The catalyst employed in this invention is a copper catalyst. The copper component of the catalyst is copper metal, copper oxide, and/or copper sulfide. The copper component should be in a relatively finely divided form and generally is supported by or dispersed on a natural or synthetic refractory oxide of one or more of the Group II, III or IV metals. Examples of these refractory metal oxides include alumina, silica, boria, titania, zirconia, silicaalumina, attapulgite clay, kieselguhr, pumice, and the like. The copper catalyst can contain other materials such as iron, chromium, nickel and the like, if desired. Although the present invention resides in the use of alcohol as oxygen source, and is not limited to any particular copper catalyst, we have had best results employing as catalyst in this conversion process a material that is currently used as a sorbent or scavenger to remove mercaptans and other sulfur-containing compounds from naphtha, petroleum distillates or other hydocarbons. Its use as a sulfur scavenger is taught in U.S. Pat. Nos. 4,163,708 and 4,259,213. The catalyst may be used fresh, after regeneration as a sulfur sorbent or after being spent as a sulfur sorbent. In other words the catalyst that is preferred in the current sweetening process is the fresh, regenerated or spent sulfur sorbent of U.S. Pat. Nos. 4,163,708 and 4,259,213. The chemical form of the copper in such a catalyst will vary depending upon whether the catalyst is fresh or spent. A fresh or newly regenerated catalyst will primarily contain copper metal and cupric oxide. After the catalyst has been used, the copper will be in the form of cupric oxide and more commonly cuprous sulfide. With this material the copper component will constitute about 5% to about 50%, preferably 10% to 40% by weight of the catalyst calculated as copper metal. The copper component is supported and dispersed in finely divided form on a natural or synthetic refractory oxide of a Group II, III or IV metal or mixtures thereof as set forth above.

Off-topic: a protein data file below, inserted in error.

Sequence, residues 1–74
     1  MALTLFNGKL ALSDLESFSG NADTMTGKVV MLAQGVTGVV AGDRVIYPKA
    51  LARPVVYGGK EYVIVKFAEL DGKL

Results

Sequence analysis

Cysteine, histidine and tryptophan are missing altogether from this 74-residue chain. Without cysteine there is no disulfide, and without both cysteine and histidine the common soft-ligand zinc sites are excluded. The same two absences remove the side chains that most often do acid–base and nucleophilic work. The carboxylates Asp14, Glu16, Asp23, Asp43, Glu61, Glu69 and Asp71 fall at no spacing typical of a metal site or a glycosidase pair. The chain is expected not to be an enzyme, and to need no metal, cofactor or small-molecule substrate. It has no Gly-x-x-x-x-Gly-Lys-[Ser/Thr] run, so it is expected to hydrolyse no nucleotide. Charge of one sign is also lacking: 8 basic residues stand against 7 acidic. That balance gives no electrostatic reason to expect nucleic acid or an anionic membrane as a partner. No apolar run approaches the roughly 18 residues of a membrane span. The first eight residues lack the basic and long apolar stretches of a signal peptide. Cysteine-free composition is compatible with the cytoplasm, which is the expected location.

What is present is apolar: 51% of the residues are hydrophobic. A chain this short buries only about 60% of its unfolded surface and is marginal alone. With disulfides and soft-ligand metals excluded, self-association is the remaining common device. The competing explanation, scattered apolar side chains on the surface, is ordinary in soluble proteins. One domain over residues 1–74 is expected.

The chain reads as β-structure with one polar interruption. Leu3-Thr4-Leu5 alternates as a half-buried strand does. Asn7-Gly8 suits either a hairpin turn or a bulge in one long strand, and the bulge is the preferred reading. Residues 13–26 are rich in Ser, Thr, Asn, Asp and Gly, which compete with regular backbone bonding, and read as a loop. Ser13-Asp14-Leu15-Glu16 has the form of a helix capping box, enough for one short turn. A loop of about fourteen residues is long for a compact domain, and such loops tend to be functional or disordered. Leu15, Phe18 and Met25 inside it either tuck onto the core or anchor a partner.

The catalyst is usually in a particulate, (e.g. pellet or extrudate) form and will usually have a specific surface area (measured by the B.E.T. method) in the range of about 30 to 300 m2 /g, preferably 50 to 200 m2 /g. The average size of the catalyst pellets will usually be in the range of about 0.08 to about 0.3 cm in diameter and about 0.3 to about one cm in length.